This phenomenon has been accelerated by a few daring enthusiasts, who have decided to pour in years of hard work and God knows how much money into their beloved RX vehicles, be it that we're talking about people using these cars for drifting, time attack, hill climb or drag racing, or just hooning them on public roads.
Mazda never built a road-going four-rotor engine, but it did use one in the legendary 787B Group C car, which won the 24-hour race at Le Mans back in 1991. In fact, most Mazda rotary powered vehicles came with just two rotors, with the only exception being the Eunos Cosmo luxury coupe, which introduced the turbo triple rotor unit, also back in the 90s.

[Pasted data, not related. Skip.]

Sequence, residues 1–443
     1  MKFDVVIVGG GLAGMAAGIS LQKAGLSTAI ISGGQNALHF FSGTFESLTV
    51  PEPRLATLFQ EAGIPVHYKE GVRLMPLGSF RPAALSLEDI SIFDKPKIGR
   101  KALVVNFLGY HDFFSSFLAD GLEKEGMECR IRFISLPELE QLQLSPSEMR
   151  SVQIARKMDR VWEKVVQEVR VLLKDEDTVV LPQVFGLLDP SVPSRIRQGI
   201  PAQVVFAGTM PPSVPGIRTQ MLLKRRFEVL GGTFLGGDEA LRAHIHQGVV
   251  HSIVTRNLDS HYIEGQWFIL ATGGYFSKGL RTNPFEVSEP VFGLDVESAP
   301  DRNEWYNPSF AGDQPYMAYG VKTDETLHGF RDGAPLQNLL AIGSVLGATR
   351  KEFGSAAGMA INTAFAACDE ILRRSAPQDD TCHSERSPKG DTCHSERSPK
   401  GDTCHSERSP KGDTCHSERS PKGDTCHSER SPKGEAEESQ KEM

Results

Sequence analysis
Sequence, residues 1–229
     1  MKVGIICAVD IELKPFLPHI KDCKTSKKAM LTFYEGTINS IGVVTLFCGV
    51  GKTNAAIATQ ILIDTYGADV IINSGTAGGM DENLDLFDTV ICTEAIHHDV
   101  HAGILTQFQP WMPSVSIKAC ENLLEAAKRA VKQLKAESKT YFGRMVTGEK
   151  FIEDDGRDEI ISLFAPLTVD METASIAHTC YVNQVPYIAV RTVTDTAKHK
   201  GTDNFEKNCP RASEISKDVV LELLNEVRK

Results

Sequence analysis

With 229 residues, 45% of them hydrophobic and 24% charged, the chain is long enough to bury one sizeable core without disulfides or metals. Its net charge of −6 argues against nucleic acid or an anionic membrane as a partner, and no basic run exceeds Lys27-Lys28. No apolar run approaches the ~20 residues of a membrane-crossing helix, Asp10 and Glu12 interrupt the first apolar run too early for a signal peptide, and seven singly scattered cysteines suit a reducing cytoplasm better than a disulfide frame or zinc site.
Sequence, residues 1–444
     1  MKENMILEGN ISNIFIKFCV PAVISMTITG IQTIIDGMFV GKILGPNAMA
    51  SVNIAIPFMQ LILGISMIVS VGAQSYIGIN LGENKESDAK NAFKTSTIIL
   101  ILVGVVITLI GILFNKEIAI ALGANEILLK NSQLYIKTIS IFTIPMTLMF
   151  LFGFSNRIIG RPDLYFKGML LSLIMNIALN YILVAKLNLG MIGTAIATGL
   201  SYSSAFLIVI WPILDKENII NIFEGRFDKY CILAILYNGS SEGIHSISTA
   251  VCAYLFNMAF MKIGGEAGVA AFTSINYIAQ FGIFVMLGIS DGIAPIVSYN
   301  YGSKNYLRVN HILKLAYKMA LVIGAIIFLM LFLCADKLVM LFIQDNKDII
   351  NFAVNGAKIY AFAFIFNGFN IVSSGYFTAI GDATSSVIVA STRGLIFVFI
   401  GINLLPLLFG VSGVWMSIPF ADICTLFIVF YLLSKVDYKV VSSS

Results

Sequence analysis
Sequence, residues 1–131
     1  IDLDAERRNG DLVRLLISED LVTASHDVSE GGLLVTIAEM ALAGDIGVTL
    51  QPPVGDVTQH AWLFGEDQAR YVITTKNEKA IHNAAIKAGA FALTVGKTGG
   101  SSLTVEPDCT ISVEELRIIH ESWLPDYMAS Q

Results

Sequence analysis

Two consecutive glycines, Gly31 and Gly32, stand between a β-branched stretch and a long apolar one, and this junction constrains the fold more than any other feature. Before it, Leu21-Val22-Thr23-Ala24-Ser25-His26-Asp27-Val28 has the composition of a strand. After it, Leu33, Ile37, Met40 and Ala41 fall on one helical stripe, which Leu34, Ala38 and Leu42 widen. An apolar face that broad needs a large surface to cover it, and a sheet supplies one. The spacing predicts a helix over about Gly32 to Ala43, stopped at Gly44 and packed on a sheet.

Aspiring rotary enthusiasts like Mad Mike, Rob Dahm, and David Mazzei - to name just a few - have all decided to pursue the idea of bringing a four-rotor engine into their cars. While Mad Mike has been playing around with such cars for the past decade or so, and Rob Dahm is just now finishing his build, this year David Mazzei also managed to complete his Formula7 project, after several years of intense work.
His car is a 1993 R1 RX-7, with a 26B Full Peripheral Port, four-rotor engine, and a 98mm Turbocharger that can deliver as much as 1,000 rear wheel horsepower given the right boost. The build also packs a pneumatically actuated six-speed straight-cut sequential dogbox.
For the purpose of this all-out test, held at Barber Motorsports Park Racetrack in Birmingham, Alabama, David handed over the keys to Bryan Longshot Leonard, who did an impressive job at pushing the car to its limits, all while managing to scare off the surrounding neighborhood with 110 dB of rotary madness.